Gambling in this country is seen in general terms as an acceptable fun activity that millions of people participate in, be it a flutter on the Grand National, the Premiership or the purchase of a lottery ticket.
In the UK our seaside towns are associated with amusement arcades and kids having fun on the fruit machines or the 2p sliders in the hope of that elusive win that will make them the envy of their friends.
It’s not just restricted to UK seaside resorts though – it’s the same in bowling alleys, which typically have large children’s amusement arcades.
You can find the children’s fruit machines on motorway service stations as well. Gambling is all around us. We have non-stop gambling advertising on the television, gambling is online, on our mobile,in the betting shops, in the amusement arcades, in the pub,and in bingo halls, amongst other places.
We even have subliminal advertising in the form of a Kellogg’s breakfast cereal called ‘Krave Choco Roulette’. Gambling has been normalised.
Lurking beneath the surface, though, are the gambling addicts, and gambling is an addiction like alcohol and drugs. It creates the same adrenalin rush and dopamine release in the mesolimbic pathway in the brain that is perhaps more known about in connection with crack cocaine.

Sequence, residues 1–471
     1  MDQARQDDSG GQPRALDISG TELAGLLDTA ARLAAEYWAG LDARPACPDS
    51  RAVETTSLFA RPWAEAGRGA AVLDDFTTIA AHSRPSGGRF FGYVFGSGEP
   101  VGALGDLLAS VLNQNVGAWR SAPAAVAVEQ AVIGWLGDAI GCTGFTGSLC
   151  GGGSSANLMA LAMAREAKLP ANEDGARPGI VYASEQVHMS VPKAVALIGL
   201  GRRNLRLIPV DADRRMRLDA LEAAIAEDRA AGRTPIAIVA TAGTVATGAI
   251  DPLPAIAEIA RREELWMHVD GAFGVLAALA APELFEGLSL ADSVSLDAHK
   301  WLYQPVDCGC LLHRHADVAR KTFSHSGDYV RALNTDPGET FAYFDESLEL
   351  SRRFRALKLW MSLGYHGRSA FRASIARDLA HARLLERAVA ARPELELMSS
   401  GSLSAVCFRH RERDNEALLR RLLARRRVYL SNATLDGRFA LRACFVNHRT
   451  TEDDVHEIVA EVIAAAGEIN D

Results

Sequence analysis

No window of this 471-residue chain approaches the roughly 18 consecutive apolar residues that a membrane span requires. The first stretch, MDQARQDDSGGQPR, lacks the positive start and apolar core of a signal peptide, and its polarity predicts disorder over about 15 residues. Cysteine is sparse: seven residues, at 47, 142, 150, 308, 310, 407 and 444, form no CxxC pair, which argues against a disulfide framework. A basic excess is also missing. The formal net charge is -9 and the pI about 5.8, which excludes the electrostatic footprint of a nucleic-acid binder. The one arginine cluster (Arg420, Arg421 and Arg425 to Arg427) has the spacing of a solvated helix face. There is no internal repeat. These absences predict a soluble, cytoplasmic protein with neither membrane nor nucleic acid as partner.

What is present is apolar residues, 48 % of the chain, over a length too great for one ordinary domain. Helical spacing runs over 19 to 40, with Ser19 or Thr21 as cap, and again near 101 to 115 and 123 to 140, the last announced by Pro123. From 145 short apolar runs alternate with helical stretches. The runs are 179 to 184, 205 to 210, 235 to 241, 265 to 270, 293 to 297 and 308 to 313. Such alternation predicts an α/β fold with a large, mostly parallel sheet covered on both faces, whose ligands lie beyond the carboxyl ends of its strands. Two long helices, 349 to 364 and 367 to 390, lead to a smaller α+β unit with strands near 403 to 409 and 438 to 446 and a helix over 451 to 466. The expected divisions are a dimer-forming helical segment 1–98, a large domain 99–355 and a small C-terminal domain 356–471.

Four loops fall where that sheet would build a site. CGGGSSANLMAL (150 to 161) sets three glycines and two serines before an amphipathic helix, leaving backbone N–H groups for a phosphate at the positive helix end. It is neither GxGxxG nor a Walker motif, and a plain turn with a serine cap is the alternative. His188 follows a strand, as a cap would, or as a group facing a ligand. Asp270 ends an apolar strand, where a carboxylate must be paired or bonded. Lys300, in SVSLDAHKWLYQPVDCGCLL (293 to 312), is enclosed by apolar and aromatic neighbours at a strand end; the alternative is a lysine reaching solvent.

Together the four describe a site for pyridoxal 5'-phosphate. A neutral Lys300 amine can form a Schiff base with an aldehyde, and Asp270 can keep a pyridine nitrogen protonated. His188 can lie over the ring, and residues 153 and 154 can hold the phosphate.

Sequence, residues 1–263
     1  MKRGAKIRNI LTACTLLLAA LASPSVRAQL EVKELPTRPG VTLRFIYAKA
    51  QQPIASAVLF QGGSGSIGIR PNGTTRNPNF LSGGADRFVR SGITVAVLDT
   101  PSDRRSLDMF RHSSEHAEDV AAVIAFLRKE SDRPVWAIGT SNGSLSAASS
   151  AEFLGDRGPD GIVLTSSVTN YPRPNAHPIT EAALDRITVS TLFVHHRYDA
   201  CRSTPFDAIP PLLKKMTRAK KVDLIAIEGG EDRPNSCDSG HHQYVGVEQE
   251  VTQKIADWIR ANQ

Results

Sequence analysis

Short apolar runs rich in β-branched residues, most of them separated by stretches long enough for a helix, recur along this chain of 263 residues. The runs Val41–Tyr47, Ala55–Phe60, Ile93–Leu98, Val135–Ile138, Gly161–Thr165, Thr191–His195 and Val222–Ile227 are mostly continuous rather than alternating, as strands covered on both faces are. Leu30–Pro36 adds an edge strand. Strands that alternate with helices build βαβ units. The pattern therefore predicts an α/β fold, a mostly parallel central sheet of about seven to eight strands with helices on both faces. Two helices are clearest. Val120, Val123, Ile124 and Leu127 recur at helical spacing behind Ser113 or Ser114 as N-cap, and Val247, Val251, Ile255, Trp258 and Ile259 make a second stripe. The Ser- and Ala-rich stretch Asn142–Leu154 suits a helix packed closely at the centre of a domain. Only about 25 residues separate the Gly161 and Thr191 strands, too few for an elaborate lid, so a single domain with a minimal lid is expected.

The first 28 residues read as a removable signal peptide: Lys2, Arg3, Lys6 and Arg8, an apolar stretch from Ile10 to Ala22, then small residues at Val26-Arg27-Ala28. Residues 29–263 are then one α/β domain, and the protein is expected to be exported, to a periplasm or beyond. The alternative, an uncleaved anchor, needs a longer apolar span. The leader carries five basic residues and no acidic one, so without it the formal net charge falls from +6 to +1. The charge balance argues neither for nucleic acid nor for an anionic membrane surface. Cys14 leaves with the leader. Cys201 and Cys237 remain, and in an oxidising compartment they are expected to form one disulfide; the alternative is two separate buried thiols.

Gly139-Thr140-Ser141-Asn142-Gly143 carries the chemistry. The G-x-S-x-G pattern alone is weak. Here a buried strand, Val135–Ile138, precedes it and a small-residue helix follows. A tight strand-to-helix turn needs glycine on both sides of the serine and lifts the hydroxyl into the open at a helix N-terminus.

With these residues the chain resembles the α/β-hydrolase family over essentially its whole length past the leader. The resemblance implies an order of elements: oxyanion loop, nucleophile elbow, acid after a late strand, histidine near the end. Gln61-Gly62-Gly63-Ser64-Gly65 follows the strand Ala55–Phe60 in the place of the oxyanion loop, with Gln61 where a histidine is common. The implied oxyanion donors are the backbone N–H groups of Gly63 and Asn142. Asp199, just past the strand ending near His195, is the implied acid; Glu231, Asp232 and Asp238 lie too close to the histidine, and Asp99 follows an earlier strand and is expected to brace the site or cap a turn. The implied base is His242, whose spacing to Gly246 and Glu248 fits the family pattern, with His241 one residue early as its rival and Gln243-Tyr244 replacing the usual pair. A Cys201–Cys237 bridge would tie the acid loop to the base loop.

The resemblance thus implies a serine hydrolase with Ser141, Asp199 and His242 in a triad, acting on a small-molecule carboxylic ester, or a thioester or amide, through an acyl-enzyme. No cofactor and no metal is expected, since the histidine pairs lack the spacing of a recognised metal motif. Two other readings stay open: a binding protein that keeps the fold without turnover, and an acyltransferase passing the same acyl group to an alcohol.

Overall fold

Growing up today is no easy feat – there are lots of pressures and challenges in this fast paced world. To introduce children to gambling seems abhorrent. We wouldn’t let our children try crack cocaine. So why is allowing them to see gambling as fun, harmless, and possibly an easy way to make money that in reality exists only for the owners of the fruit machines?
We are starting to hear all of the tragedy of addiction to harder forms of gambling, such as fixed odds betting terminals, online casino gambling, etc but the roots are in the normalisation of gambling that sees so many people take up the activity in the first place.
We need a conversation about gambling’s place in society and if we want to expose our children to such risks.